15th century levy fighting equipment

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The typical equipment of a levied man in the 15th century would vary depending on the wealth of the man he owed his allegiance. As a result there could be quite wide variations in the equipment worn.

This guide leans heavily towards an English depiction.



Scavenged arms and pre-existing hand weapons may have also been brought with the levied man.


  • iron cap or helmet - this might be a kettle helm, sallet or other similar type. These would be typically issued to the levied man by his lord. They may be painted and have slogans written upon them, often with a religious theme.
  • padded jack or a pair of brigandines - also issued.
  • mail shirt - issued and most often worn under a pair of brigandines. Sleeves to the forearm or elbow and torso to the upper thigh. Internal link diameter approximately 5-6 mm and a wire thickness of approximately 1.2 to 1.6 mm and of round drawn wire. Entirely riveted.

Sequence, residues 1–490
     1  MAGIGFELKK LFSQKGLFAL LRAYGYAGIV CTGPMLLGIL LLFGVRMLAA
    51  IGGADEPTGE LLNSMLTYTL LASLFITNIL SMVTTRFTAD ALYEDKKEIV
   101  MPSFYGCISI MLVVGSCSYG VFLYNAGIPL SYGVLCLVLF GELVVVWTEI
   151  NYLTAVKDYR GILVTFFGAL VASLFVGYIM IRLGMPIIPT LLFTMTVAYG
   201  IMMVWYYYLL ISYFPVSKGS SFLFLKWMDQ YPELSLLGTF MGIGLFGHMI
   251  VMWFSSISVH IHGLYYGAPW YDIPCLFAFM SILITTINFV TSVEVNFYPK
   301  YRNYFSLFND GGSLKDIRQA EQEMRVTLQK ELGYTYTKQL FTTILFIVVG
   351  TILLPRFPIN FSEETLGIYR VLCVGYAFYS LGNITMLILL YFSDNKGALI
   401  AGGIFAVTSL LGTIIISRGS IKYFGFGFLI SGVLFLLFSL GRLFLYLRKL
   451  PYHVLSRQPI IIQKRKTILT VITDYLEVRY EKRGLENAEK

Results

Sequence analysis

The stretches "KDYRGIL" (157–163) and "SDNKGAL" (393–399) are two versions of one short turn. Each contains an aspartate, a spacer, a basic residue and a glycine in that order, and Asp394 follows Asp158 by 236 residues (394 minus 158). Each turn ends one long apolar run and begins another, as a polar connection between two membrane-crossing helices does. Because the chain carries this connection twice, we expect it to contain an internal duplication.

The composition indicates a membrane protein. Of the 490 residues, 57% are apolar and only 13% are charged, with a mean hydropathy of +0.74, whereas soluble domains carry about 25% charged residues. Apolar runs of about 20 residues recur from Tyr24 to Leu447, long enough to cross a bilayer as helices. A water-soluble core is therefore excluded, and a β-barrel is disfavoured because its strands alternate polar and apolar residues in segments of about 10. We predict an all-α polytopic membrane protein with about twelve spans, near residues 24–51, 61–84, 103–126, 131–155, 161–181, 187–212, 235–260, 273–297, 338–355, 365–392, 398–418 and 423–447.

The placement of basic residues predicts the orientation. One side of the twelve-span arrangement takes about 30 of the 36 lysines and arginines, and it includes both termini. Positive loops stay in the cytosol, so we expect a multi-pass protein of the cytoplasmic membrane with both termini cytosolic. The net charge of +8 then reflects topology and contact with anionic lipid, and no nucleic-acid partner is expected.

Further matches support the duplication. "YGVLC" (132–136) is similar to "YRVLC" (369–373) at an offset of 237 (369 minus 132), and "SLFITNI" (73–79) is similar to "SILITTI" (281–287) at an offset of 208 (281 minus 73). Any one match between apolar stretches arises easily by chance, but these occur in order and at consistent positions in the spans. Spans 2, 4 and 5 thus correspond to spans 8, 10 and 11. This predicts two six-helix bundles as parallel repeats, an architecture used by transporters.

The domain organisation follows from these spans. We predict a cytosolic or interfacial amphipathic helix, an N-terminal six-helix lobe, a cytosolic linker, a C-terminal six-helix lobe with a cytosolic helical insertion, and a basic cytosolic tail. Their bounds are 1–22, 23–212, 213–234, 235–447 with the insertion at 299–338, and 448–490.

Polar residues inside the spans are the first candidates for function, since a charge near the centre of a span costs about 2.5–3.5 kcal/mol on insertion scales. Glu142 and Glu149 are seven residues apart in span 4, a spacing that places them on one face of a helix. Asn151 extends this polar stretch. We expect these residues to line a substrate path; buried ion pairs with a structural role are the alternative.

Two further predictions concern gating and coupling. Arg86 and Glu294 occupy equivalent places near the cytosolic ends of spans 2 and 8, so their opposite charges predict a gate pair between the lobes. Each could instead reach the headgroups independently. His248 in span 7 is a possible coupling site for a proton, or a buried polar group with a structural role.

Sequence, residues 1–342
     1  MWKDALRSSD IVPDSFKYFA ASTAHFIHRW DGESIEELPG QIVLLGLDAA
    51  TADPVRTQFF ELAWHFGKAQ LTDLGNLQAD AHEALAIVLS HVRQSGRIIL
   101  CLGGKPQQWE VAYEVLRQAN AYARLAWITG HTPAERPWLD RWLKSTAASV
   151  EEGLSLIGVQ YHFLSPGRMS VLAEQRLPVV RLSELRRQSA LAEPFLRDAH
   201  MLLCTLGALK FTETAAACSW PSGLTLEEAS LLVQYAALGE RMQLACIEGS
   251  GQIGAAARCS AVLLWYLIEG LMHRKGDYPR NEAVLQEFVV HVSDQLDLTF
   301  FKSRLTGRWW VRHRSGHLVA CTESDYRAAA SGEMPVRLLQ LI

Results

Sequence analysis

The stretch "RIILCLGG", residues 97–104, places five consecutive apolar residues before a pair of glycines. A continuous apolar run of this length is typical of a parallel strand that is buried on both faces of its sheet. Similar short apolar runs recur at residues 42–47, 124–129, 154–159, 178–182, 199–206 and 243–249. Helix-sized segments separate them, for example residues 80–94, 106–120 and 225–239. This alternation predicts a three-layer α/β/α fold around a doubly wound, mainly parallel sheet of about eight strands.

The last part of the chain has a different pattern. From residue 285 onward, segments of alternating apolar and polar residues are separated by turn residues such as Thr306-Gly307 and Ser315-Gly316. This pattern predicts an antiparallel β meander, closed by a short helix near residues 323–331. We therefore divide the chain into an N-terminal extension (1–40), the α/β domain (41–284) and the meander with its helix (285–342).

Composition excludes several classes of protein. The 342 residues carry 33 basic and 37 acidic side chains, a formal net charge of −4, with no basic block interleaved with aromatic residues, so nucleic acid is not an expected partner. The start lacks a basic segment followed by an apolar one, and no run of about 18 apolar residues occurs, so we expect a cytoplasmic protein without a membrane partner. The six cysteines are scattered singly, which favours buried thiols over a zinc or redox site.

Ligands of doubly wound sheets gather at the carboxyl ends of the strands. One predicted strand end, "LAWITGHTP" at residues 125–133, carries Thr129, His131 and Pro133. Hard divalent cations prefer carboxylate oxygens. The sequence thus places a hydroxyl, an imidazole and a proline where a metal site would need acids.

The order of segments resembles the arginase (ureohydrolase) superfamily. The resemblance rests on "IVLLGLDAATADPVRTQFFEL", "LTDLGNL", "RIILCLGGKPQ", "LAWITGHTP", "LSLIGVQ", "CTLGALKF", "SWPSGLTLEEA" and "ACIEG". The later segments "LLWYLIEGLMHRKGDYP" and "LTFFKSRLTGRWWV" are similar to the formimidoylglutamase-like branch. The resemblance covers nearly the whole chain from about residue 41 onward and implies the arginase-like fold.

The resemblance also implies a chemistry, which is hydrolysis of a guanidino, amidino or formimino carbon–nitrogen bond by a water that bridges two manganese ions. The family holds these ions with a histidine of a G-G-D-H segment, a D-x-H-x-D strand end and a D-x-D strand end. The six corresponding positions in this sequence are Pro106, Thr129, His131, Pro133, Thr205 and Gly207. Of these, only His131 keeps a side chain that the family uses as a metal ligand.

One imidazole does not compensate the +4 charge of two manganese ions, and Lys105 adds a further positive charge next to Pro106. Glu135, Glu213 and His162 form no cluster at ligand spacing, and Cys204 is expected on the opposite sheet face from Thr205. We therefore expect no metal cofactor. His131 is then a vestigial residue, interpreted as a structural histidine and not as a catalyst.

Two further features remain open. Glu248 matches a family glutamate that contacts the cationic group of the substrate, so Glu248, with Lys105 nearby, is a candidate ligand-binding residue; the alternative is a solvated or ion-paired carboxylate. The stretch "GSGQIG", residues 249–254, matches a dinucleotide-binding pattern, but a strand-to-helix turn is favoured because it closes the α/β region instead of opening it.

• hose - joined, wool hose of one colour. These might be issued to him by a very wealthy lord.
  • shirt - linen and likely owned by the man and might not be worn under his armour if wearing a pourpoint
  • pourpoint - sleeveless linen garment that served as an attachment point for hose for those not wearing a doublet
  • doublet - of wool. Might not be worn if a pourpoint was available.
  • hood - possibly issued in the livery colours of his lord.
  • livery coat - sometimes issued by wealthier lords. May or may not have sleeves. Typically wool in the colours of his lord and may be embroidered with an symbol associated with the lord (e.g. a ragged staff for Warwick or a Stafford Knot for Buckingham). If a livery coat was not issued, some other form of livery was usually present to identify the lord's troops.
  • turnshoes - typically ankle boots

Modern Misconceptions

  • ragged, hessian clothing
  • majority fighting with sticks and clubs

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